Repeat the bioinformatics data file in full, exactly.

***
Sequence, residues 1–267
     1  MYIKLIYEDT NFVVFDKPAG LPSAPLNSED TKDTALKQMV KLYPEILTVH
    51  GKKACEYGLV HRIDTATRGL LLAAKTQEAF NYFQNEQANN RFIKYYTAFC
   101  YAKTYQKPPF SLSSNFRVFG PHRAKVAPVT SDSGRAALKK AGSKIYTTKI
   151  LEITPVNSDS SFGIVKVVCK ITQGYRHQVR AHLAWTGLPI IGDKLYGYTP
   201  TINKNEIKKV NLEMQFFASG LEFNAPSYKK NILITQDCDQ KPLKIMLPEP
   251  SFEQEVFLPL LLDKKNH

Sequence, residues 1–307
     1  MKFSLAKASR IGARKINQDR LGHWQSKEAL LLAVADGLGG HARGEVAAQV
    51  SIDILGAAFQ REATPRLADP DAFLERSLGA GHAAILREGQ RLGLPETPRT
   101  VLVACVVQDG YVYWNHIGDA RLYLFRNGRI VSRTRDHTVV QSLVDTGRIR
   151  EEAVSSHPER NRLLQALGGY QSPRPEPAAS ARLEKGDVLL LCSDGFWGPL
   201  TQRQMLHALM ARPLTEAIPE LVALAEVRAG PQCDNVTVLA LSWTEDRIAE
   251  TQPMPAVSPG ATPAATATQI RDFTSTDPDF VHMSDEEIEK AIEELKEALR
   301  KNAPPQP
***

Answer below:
Sequence, residues 1–267
     1  MYIKLIYEDT NFVVFDKPAG LPSAPLNSED TKDTALKQMV KLYPEILTVH
    51  GKKACEYGLV HRIDTATRGL LLAAKTQEAF NYFQNEQANN RFIKYYTAFC
   101  YAKTYQKPPF SLSSNFRVFG PHRAKVAPVT SDSGRAALKK AGSKIYTTKI
   151  LEITPVNSDS SFGIVKVVCK ITQGYRHQVR AHLAWTGLPI IGDKLYGYTP
   201  TINKNEIKKV NLEMQFFASG LEFNAPSYKK NILITQDCDQ KPLKIMLPEP
   251  SFEQEVFLPL LLDKKNH

Sequence, residues 1–307
     1  MKFSLAKASR IGARKINQDR LGHWQSKEAL LLAVADGLGG HARGEVAAQV
    51  SIDILGAAFQ REATPRLADP DAFLERSLGA GHAAILREGQ RLGLPETPRT
   101  VLVACVVQDG YVYWNHIGDA RLYLFRNGRI VSRTRDHTVV QSLVDTGRIR
   151  EEAVSSHPER NRLLQALGGY QSPRPEPAAS ARLEKGDVLL LCSDGFWGPL
   201  TQRQMLHALM ARPLTEAIPE LVALAEVRAG PQCDNVTVLA LSWTEDRIAE
   251  TQPMPAVSPG ATPAATATQI RDFTSTDPDF VHMSDEEIEK AIEELKEALR
   301  KNAPPQP